Since the COVID-19 pandemic, we’ve accelerated to a more digital and automated buying process.
With interactions between buyers now taking on a predominantly virtual approach, this has lessened the chance for sales teams to make a positive impact on the buying process. They not only need the correct tools to support this new process, but an even deeper understanding of the customers and their buying journeys – awareness, consideration and conversion.
So, how can we optimise and empower your sales enablement in a digital world?
It begins with a customer-centric approach.
In Account-Based Marketing (ABM), customer centricity is the centre point of everything, including within the hierarchy of your organisation.
By having it built into your organisation, it aligns every member of the organisation on the key accounts, from sales to marketing, ensuring that everyone is doing their part to support the sales team through every step of the buyer journey.
To do this, it’s recommended that you work back from customer needs, to identify where the sales teams need to be supported by other areas of the business.
The right toolkit is essential for a sales team in a digital world- but what does it look like now?
Not only does it need to align to the buyer journey, but it must also be effortless in its adoption.
Before developing your sales enablement toolkit, instead carry out an extended buyer journey mapping exercise, by seeing where in the journey different teams can show support and identify the best tools that will achieve that.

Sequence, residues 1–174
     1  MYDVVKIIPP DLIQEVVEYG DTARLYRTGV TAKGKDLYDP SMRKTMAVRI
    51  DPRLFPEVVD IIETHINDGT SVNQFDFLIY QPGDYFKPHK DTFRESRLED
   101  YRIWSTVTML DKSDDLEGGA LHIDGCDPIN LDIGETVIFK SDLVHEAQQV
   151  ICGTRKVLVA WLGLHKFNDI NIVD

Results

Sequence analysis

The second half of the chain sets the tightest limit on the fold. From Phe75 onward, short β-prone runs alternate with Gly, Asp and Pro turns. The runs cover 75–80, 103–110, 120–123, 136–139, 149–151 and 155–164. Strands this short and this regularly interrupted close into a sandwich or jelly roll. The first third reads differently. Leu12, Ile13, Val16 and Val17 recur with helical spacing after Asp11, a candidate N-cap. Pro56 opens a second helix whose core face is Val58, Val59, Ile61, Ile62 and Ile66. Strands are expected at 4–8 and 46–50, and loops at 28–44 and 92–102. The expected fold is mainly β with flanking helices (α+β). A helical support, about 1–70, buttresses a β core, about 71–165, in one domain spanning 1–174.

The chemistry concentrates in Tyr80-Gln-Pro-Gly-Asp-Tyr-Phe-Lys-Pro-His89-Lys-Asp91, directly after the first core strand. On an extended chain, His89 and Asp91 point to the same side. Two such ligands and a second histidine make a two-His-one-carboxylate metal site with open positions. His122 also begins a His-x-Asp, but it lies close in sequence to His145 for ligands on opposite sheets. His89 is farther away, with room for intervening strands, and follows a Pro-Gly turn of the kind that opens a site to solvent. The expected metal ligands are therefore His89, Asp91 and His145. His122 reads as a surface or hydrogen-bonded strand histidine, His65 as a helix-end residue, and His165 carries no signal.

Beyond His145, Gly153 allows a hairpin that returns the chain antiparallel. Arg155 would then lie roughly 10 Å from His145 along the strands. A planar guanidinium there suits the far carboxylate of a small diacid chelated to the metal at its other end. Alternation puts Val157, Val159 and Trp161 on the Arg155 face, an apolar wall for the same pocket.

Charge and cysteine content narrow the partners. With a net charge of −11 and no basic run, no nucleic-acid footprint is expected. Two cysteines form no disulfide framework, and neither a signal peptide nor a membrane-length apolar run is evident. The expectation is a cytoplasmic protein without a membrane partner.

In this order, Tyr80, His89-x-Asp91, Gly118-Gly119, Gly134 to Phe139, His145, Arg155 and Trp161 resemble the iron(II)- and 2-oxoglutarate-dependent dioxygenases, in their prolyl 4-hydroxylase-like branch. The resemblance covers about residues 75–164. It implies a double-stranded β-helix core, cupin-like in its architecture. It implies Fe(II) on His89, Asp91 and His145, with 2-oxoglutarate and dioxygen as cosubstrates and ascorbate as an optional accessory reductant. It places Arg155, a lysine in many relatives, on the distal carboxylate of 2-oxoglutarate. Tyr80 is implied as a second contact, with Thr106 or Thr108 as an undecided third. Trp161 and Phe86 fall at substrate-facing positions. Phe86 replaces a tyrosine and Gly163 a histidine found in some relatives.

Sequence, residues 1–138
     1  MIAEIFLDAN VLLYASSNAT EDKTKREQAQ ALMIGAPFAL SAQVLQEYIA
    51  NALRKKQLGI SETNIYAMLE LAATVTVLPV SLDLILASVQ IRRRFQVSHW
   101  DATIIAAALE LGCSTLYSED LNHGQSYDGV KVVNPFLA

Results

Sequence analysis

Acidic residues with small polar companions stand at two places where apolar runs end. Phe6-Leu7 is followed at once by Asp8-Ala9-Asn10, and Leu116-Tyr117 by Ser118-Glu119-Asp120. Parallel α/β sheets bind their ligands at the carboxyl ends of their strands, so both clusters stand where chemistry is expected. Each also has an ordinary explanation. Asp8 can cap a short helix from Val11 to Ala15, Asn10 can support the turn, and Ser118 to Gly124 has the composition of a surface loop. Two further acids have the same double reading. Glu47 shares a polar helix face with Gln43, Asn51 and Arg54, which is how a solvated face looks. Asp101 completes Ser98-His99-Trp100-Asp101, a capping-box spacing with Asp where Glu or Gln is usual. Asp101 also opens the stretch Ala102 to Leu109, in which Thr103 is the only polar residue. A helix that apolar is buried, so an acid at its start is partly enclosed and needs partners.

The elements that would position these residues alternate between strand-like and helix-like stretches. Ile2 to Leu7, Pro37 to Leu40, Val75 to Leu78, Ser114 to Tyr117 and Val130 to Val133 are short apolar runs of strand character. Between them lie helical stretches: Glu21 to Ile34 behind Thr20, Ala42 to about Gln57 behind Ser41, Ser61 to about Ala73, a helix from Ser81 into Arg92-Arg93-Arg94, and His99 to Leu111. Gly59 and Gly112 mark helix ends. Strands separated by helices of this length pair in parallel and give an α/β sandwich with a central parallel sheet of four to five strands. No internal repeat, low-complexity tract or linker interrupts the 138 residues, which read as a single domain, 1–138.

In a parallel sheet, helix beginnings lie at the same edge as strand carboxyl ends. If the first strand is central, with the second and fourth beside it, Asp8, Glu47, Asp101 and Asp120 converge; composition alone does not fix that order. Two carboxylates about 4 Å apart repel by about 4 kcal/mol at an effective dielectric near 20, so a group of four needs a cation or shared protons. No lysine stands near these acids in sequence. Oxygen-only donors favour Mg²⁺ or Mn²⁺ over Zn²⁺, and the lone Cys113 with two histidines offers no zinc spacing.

However, the ultimate key to selling is building relationships. The centre point of any ABM programme.
In a digital world, human value is critical to the buyer journey. But there may be a number of barriers which could hinder a sales teams’ chances of building those relationships.
To achieve this successfully, begin by automating any repetitive sales tasks. In doing so, it provides the sales team with more time to focus on digging deeper and accelerating the relationships that really make an impact on the buying process.
In conjunction to this, you also need to develop a deeper understanding of the accounts, their needs and objectives, in order to determine how best for sales to approach them.
This can be done by either profiling your sales team, to see if the right salesperson is matched with the buyer, extending beyond professional traits and similarities. You can also dig into other data within your organisation, to see which tactics and approaches have been successful previously. Then research the key buyers, their influencers, objectives and barriers to success.
With these personas you can then develop hyper-focused messaging that the sales team can use to strengthen their credibility with the buyers.
The result? Shortened sales cycles, more win rates and a stronger relationship between you and your most desired accounts.
With all of this though, it is essential to keep in mind that human connections and relationships take time. Even with a strong sales toolkit and an aligned team, in a digital world, the power of listening and just speaking face-to-face with clients is still as important as ever.